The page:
Why We Need Diversity

Sydney Russakov

Senior Product Manager at LinkedIn



One of the last companies I worked at did not really have a diverse group of people, where I was the only woman in the room. It contributed to me leaving the organization as there were not many various ideas or people, which created a culture where people who feel different from their coworkers don’t feel comfortable speaking up. The ideas were constantly coming from the same people, where they ended up building products for the same kind of people. As I matured as a PM, I networked with people outside of my organization and realized that I was not the only female product manager. My eyes were open to the number of different people who work in product management. It was absurd for having the same people coming up with ideas and their colleagues telling them it was a great concept, and that was it. While other groups did not feel included in providing their feedback, they kept the ideas to themselves.

Actions taken

Getting out of the bubble and starting to realize that other workplaces also existed, I started interviewing in other companies. When I landed an interview with my current company, I noticed that they had a diverse interview panel, which clicked me into thinking how concerned they are about such matters. It was a good representation of the company itself, which made me move here.

Moving forward in my career, I also realized that many companies have a heavy emphasis on diversity and inclusion. It was not only for representation but also for building better products. The company itself ends up being more successful when the teams are diverse. Instead of being an echo chamber of the same people giving almost the same kind of ideas, there has to be something that will lead people to argue. In the end, we want to end up building fun things for multiple people.

Another one of the pieces to solve the puzzle would be to make sure that the recruiting team is equipped to understand the bias. My current company has made a great move by removing bias 一 there are no race or gender used in any job descriptions. Since diversity is where I saw the problem in such a small company, it would be better to remove bias. Being clear on how they want to portray themselves externally because even if they genuinely think there is a pipeline issue and not many diverse groups of individuals are applying to their jobs, it becomes a company problem.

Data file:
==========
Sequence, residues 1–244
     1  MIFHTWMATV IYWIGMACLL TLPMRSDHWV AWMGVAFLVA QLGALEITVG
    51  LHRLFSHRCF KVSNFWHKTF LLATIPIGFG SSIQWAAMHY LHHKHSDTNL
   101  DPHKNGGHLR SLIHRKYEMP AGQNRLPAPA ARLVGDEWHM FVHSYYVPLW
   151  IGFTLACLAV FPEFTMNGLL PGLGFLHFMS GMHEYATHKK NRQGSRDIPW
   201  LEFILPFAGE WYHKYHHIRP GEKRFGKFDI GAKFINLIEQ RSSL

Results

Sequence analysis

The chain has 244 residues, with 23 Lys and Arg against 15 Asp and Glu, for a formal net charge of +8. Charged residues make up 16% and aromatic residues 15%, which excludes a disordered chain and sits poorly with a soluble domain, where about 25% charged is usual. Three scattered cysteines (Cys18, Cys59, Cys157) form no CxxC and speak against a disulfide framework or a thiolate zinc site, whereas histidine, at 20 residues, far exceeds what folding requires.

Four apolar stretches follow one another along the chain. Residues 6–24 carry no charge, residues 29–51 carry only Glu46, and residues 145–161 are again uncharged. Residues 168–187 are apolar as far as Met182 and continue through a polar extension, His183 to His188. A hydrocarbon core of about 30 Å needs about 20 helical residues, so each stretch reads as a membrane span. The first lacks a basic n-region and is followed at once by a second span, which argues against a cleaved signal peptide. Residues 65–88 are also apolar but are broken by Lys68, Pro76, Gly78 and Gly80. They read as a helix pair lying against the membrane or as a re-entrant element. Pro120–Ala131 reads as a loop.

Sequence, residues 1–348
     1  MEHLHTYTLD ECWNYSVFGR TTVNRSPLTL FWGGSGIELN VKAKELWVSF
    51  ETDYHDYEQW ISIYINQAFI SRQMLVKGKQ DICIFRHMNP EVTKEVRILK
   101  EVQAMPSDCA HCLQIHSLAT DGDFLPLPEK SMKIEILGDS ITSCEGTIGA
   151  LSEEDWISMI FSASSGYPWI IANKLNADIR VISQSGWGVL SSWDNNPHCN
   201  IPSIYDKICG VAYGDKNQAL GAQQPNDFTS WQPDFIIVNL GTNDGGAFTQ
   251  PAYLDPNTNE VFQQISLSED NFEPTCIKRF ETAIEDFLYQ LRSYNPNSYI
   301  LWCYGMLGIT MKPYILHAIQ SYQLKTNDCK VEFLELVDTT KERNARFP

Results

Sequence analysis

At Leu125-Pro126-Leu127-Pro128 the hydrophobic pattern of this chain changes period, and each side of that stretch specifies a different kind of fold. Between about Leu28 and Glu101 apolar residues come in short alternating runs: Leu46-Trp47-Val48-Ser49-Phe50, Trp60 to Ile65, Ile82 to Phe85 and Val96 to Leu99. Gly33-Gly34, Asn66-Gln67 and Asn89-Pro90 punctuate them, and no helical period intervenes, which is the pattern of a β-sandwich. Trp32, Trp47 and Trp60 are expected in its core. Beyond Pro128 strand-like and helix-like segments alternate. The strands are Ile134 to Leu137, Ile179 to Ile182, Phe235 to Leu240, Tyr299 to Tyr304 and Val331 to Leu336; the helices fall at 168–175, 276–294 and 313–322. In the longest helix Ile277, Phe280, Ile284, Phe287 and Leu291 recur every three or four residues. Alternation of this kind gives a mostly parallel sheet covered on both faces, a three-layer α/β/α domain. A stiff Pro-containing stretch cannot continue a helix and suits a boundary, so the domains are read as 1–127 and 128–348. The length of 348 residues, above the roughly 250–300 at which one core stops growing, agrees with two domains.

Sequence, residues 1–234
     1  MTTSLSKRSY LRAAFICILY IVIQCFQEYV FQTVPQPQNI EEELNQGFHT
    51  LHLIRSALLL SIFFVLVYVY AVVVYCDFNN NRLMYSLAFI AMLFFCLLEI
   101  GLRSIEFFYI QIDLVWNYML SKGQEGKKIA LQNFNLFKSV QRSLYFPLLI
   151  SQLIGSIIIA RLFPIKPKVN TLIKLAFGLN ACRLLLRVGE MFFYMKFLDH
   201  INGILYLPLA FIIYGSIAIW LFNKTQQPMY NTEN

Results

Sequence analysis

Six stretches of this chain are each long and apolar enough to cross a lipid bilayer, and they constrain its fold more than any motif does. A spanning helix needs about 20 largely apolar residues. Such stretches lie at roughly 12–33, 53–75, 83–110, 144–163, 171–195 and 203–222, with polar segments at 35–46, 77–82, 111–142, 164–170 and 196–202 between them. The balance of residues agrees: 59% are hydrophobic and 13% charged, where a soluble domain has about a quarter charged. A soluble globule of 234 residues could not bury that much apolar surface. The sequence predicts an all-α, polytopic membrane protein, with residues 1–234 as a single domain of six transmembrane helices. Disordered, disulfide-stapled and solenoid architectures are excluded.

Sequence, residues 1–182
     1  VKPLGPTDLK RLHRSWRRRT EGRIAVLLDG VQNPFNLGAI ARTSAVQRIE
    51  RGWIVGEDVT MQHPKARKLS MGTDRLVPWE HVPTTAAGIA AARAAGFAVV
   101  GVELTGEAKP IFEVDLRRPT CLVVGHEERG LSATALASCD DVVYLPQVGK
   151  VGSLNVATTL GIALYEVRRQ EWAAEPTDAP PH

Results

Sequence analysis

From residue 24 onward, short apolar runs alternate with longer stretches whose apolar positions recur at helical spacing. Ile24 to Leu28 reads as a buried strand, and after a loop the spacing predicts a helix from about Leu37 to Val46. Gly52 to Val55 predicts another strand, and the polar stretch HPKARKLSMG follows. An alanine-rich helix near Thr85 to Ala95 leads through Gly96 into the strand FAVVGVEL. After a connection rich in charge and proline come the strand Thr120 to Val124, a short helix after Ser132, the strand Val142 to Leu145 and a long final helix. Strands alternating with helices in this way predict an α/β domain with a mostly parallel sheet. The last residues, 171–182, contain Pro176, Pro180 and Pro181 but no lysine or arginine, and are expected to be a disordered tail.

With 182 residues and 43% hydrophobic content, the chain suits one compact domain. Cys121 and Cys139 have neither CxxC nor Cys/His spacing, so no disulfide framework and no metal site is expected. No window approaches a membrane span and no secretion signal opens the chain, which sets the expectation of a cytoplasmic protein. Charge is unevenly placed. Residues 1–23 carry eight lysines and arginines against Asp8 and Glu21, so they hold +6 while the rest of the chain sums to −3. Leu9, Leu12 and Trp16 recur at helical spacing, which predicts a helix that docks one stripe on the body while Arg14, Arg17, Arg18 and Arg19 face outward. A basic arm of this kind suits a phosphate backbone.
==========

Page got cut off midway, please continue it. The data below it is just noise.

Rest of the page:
Even when diverse groups of people work together, many companies have not nailed the retention game. Having them stay back and climb up the career ladder is one of the biggest improvements in startups or smaller companies. Hence, once they have enough people, publishing the diversity statistics to the public could be an honest move. Being authentic and transparent is one of the giant steps.

Lessons learned

  • If you think that your company can do better, hold them accountable. Ask them questions during company meetings, and suggest your points as to why something is done better can be the way you are putting forward.
  • Take initiatives. Even if you are not in power to change something, leadership will eventually look into it and fix it. The credit would go to you if you can pinpoint it first and make it.

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Sydney Russakov

Senior Product Manager at LinkedIn

Leadership DevelopmentCommunicationOrganizational StrategyCulture DevelopmentLeadership TrainingDiversity and Inclusion InitiativesDiversity ImpactOvercoming BiasIndividual Contributor RolesLeadership Roles

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